Archived Mountain Voices

Water was not always taken for granted

Water was not always taken for granted

Old-time mountaineers often picked their home and church sites according to the location and purity of springs. They were connoisseurs of water.  

Asheville writer Wilma Dykeman recorded in her book The French Broad (1955) that:

When the buyers for the Great Smoky Park were appraising some of the small landholdings one old fellow would come down from his little farm each day.

“When’ll you be a-getting to my place,” he’d demand of the buyers.

 “We’ll be up there as soon as we can,’ they’d reply.

“I’m just aiming to make sure you see my spring,” he said. “You’d have to see it a-fore you could know the worth of my place.”

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Once a family’s spring was located, the women would sometimes line its sides and bottom with shards of quartz and other sparkling stones. Catching a shaft of light through an overhanging hemlock, the spring would glow in the dim light. It was a place of enduring sustenance and beauty.

We tend to take the everyday things in life for granted — that is, until one or more of them are no longer available. Water is one such item. The recent dry spell has brought that fact home again.

For 25 years we relied upon a spring situated at the base of a hemlock just outside the kitchen door that required a dipper. For the last 15 years we have used a gravity flow system whereby fresh water gathered in barrels from a spring up on the mountainside is piped into the house via standard hot-and cold-water systems.

The spring outside the kitchen door was diverted underground by salamanders and crayfish a long time ago. And the spring up on the mountainside has been bone dry for over a week. We can use water from the creek in front of the house externally. But there’s none that’s fit to drink. 

Our recourse is to haul decent water from a spring that, to my knowledge, has never gone dry. It’s located several miles outside Bryson City adjacent to Cold Springs Baptist Church on the Cold Springs Road.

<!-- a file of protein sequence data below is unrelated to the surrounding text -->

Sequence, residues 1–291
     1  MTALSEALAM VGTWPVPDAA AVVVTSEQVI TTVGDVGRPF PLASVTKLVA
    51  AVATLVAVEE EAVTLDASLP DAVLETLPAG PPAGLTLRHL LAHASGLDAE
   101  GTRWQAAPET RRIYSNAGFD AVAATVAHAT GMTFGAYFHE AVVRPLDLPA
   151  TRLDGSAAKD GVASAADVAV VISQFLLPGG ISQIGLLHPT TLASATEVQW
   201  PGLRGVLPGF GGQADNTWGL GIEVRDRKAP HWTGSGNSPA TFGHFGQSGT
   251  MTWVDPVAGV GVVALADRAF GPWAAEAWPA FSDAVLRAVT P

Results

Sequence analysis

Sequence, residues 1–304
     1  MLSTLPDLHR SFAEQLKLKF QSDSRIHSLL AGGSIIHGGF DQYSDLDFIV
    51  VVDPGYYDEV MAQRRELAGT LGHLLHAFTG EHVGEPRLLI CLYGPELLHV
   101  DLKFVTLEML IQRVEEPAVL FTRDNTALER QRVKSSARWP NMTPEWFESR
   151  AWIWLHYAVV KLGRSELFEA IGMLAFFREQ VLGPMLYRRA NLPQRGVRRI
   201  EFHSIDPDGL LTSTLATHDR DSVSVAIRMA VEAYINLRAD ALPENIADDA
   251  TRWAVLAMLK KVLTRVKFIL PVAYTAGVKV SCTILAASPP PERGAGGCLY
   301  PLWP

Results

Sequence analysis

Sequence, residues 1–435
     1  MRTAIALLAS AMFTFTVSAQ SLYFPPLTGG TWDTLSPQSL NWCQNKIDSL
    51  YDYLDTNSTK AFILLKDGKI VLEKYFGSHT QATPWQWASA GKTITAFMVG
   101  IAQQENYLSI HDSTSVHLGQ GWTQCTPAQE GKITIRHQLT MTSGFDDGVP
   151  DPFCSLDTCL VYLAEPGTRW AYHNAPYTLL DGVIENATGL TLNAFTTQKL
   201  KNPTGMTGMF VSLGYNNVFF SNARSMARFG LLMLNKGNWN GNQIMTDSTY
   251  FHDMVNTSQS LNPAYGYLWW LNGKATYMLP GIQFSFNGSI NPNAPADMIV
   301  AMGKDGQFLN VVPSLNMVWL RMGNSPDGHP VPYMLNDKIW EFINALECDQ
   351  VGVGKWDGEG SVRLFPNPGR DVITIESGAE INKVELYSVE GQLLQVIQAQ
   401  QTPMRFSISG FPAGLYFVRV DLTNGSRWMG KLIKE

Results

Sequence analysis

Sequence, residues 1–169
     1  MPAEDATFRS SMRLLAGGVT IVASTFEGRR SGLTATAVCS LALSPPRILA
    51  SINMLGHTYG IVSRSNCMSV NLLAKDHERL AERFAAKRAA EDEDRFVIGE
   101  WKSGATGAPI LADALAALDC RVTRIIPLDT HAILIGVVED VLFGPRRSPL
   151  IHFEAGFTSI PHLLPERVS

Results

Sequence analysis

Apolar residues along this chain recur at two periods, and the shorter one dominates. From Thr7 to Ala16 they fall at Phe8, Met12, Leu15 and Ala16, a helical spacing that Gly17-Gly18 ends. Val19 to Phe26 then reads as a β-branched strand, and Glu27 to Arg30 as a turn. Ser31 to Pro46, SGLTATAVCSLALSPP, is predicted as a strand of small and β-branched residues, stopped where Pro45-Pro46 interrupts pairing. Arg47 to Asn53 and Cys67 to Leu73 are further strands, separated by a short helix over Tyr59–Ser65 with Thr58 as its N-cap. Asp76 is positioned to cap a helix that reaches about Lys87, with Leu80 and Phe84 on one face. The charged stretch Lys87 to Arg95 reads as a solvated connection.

The church, which also served as schoolhouse, was organized on May 2, 1851. The first court in Swain County was held in the church’s meeting house on June 28, 1871. One suspects that Elders Sherill, Gibson, Ammons, Mingus and others among the church’s earliest pastors enjoyed a draft of cool, clear mountain water before and after delivering their sermons.

That was my original ending and I should leave it at that. But I can’t refrain from adding this blurb praising the virtues of Swain County spring water that appeared in the July 16, 1910, edition of the Asheville Gazette News:

The pure, invigorating water distilled in the heavens and poured from cool clouds is percolated through the unadulterated terra-firma and reimbursed from many mountain springs, producing a health-building beverage conveyed by gravity to the inhabitants of Bryson City. In the last few years about $30,000 has been spent on a waterworks system, which conveys the excellent supply of pure freestone water, from its freely flowing founts in the forests of the somber Smokies. The supply is abundant and the quality unsurpassed, so that so far as Bryson City’s water is concerned she is unexcelled by any other town her size in the old North State.    

I will leave it at that.         

(George Ellison is a naturalist and writer. He can be reached at This email address is being protected from spambots. You need JavaScript enabled to view it..)

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